Metal Fabricating and Joining involves fastening metal components together—playing an important role in industries that include construction, automotive, marine, aerospace, and product manufacturing.
Metal Fabrication & Joining students learn skills for working with metal in fields such as construction, heavy equipment repair, ventilation and air conditioning, and creative blacksmithing. Beginning in a school-based workshop and proceeding to active job sites, students learn how to measure, cut, and bend metal to blueprint specifications using manual and semi-automatic equipment. Specific tools they use include brakes, shears, presses, rolls, forming machines, welders and punches. Over the course of the program, students master a variety of welding techniques, including brazing and soldering.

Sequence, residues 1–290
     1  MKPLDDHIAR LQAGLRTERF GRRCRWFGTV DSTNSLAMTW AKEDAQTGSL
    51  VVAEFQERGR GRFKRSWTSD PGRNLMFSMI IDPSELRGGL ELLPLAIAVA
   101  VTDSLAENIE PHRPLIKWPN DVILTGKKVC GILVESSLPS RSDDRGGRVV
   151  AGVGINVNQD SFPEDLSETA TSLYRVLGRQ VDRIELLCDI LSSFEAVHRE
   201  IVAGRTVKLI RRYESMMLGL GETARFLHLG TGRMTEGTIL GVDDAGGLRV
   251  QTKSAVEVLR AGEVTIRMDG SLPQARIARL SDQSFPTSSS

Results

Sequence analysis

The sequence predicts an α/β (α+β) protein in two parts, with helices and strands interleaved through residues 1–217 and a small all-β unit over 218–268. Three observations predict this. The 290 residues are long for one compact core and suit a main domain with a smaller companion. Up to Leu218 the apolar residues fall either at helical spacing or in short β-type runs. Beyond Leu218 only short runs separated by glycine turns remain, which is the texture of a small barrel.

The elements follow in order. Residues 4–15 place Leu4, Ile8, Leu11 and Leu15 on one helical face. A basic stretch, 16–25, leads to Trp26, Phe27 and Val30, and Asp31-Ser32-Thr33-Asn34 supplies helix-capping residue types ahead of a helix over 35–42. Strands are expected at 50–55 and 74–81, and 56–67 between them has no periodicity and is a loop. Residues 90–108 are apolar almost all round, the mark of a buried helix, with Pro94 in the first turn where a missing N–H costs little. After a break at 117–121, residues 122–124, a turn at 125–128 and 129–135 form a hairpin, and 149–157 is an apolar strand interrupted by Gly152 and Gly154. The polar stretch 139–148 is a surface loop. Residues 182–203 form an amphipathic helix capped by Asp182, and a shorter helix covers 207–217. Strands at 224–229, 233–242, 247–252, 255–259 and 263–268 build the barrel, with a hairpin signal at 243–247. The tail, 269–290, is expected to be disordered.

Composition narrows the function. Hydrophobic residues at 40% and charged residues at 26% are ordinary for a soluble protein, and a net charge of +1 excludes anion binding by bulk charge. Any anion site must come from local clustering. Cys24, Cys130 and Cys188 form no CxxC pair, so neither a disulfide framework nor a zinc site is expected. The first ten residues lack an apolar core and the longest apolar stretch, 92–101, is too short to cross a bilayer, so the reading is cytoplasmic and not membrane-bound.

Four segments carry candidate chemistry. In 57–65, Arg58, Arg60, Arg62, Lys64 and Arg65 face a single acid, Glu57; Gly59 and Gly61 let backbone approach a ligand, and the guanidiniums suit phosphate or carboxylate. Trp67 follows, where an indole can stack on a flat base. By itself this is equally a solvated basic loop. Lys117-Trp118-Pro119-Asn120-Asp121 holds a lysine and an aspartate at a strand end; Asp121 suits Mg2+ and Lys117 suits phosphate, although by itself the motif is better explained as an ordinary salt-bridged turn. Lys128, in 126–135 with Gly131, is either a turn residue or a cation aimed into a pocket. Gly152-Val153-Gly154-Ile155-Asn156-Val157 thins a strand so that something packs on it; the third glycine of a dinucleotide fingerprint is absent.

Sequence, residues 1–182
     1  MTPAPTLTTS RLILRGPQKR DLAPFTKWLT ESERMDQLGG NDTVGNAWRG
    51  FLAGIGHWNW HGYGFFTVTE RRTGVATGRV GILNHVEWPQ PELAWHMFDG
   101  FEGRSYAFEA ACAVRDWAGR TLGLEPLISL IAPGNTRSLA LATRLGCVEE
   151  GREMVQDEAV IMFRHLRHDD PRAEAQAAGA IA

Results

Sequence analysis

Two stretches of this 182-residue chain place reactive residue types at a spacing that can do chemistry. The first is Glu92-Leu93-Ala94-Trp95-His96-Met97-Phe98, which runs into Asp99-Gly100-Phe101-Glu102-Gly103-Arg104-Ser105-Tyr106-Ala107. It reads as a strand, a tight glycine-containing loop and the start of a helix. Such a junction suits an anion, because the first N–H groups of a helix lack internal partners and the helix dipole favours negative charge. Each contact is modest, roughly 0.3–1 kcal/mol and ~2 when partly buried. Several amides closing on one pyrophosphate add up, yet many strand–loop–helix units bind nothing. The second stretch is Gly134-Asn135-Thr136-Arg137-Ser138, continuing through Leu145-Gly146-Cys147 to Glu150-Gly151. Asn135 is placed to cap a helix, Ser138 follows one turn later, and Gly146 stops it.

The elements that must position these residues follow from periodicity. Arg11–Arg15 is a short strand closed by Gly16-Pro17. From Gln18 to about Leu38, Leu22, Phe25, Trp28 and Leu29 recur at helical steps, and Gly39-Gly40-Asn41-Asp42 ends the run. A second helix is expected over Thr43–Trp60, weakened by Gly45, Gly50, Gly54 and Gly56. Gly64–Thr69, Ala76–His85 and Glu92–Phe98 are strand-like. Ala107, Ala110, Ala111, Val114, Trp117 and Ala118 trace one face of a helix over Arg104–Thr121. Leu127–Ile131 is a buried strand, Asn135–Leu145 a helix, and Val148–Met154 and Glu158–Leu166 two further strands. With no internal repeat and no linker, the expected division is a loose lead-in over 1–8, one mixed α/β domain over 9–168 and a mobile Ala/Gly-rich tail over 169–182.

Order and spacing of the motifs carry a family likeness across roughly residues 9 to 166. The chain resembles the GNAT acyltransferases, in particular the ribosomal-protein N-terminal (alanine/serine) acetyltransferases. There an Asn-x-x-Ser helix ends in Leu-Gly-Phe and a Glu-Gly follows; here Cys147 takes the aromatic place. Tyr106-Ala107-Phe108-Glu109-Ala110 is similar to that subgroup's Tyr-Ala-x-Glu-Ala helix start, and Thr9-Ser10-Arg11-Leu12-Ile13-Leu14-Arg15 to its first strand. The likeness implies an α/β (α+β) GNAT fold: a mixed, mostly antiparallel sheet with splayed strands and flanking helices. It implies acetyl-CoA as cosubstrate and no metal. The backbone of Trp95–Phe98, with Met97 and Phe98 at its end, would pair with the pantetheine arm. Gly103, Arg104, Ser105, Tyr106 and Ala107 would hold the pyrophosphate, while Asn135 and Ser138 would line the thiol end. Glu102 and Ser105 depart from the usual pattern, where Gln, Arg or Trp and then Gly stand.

Some schools offer State-Approved (Chapter-74) programs in Metal Fabrication and Joining. These programs provide all of the training required to begin entry-level work in the field. Other schools may offer a more condensed version of this training, which has been designed at the local level. This is known as Non-Chapter 74 or "Perkins-Only." Learn more about the difference between State-Approved and Local CTE programs.
More Information: Program Overview (PDF)
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Last Updated: September 14, 2022
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